Lavender is a color that is not ordinarily associated with adventure and speed. With Easter eggs and bonnets, yes. With sports car racing, no. Well, around Washington, D.C. you'd better smile when you say that, for lavender is the rallying color of one of the most successful and resourceful sports car organizations in the country. When the Washington region of the Sports Car Club of America ran off its inaugural national race meeting the other day at the new Marlboro Motor Raceway, lavender was, in fact, the color of the day.
Why lavender? Three years ago, when some of the Washington lads zipped around the Cumberland, Md. course with their usual zeal, a race official rapped their hands verbally in an article for the SCCA magazine, Sports Car. The official, the well-known Anglo-American racing driver Dr. M.R.J. Wyllie, characterized "five percent of the entrants" as "egregiously unsporting pothunters," i.e., overeager trophy seekers, and suggested that their brand of racing was more attuned to the Indianapolis "500." At the same time, the Alec Guinness film, The Lavender Hill Mob, was playing in Washington. The link between trophy hunters and an engaging pack of British thieves may be a bit tenuous, but the boys from Washington found it, nevertheless. They formed The Lavender Hill Mob Racing Association, adopted lavender as their battle color and went off pothunting with a new esprit.
Early in 1955 The Mob opened a 7/10th-mile race course on U.S. 301 near Upper Marlboro, Md.—only 15 miles east of Washington. The Mob realized it could not obtain a national race day with so short a course, so last winter it began to solicit financial help for expansion. More taxing than financial ways and means was the problem of squeezing a road course of satisfactory length into a tiny plot of 28 acres. The old course was modified and extended into a twisty, 1.9-mile layout with seven turns and a tricky chicane.
Already accustomed to filling a little with a lot, The Mob crammed 11 races into the one-day national SCCA program and challenged the rest of the country to come a-trophy hunting. "We feel," said Robert J. McKinsey, a Washington lawyer, head of the 500-member Washington SCCA region and a founder of The Mob, "that if you can handle this course, you can handle anything, and we think we have, overall, the best drivers in the SCCA."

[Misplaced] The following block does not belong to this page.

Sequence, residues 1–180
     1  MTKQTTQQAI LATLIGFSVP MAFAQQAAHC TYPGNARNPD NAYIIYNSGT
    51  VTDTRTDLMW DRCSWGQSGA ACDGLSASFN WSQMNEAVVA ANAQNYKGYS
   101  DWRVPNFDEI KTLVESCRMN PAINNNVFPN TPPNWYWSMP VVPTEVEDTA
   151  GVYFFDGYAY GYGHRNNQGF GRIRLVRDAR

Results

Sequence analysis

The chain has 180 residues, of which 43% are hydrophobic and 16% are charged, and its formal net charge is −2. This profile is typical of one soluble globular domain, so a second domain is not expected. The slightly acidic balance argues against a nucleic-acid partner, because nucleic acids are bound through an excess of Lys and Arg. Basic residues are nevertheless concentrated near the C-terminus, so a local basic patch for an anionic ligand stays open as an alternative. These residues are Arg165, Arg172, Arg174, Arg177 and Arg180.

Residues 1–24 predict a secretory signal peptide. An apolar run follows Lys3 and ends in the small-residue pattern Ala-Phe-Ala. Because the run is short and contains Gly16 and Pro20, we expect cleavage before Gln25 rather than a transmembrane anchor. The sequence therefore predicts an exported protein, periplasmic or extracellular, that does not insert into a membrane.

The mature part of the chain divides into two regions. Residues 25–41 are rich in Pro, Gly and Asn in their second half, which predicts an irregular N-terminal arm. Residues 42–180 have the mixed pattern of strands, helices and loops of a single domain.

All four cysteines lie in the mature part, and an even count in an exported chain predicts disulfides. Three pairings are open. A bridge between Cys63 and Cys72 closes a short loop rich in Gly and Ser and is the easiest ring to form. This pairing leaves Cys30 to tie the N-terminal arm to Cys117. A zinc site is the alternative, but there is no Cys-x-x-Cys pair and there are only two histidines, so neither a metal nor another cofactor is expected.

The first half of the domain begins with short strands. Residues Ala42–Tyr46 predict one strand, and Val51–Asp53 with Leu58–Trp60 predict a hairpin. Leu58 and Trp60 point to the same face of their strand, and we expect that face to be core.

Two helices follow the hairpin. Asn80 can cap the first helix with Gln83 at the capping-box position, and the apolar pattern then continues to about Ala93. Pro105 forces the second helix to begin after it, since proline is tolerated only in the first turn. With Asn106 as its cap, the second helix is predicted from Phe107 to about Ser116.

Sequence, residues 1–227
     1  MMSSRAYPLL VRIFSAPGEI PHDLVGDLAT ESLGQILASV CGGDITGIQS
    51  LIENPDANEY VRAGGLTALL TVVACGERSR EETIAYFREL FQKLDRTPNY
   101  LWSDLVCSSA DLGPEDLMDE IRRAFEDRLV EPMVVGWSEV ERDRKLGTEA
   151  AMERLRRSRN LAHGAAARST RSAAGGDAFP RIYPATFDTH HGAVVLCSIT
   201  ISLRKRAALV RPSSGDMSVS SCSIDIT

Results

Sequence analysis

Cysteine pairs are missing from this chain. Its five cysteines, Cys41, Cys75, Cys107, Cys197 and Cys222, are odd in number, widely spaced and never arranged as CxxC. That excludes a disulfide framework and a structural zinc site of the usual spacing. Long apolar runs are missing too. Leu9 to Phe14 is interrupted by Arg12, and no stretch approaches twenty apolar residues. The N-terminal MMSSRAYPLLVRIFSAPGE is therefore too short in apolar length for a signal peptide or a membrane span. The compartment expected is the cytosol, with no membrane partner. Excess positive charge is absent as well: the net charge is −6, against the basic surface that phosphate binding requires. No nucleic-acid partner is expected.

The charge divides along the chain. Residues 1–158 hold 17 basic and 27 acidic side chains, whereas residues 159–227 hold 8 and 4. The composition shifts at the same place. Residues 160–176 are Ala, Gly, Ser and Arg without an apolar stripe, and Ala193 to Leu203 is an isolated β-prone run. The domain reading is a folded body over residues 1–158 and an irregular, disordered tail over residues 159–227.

July 28, 1957
A WARM, WET DAY
On race day, hot, humid air lay heavy over the raceway. The cars and trappings of 118 drivers jammed the infield. In the stands, 6,000 spectators perspired patiently. They were to see some of the liveliest dicing of the sports car year as Charlie Wallace, a Washington hair stylist, started things handsomely for The Mob, poking the lavender fenders of his Porsche Spyder ahead of the Porsche driven by a newcomer who is going places, Bob Holbert of Warrington, Pa. Washington's Richard Nash kept the lavender aloft with Porsche victories in the second and seventh races; the Washington dentist, Dick Thompson, extended the lease on his reputation as the nation's best Corvette driver by dominating the fourth and ninth events; and Wallace finished second in an electrifying Porsche duel with the talented Holbert in the sixth race.
It wasn't The Mob's day altogether, though. New Jersey's Walt Hansgen, whose heavy foot and increasing security have hurtled him to a place among the top U.S. drivers, thumped his opposition in a 10-lap preliminary and in the featured 25-lap closer.
Each race course has a character of its own; Marlboro, with its excellent visibility, is likely to become known as a spectator's rather than driver's course. For the driver, the high quotient of gearshifting and braking tends to be tiring—"like beating each other with short sticks," as Carroll Shelby, whose Maserati was dogged by mechanical trouble, put it.
All in all, though, it was a big day for The Mob. "It's embarrassing," said Bob McKinsey, trying hard to look embarrassed, "how many trophies are staying right here."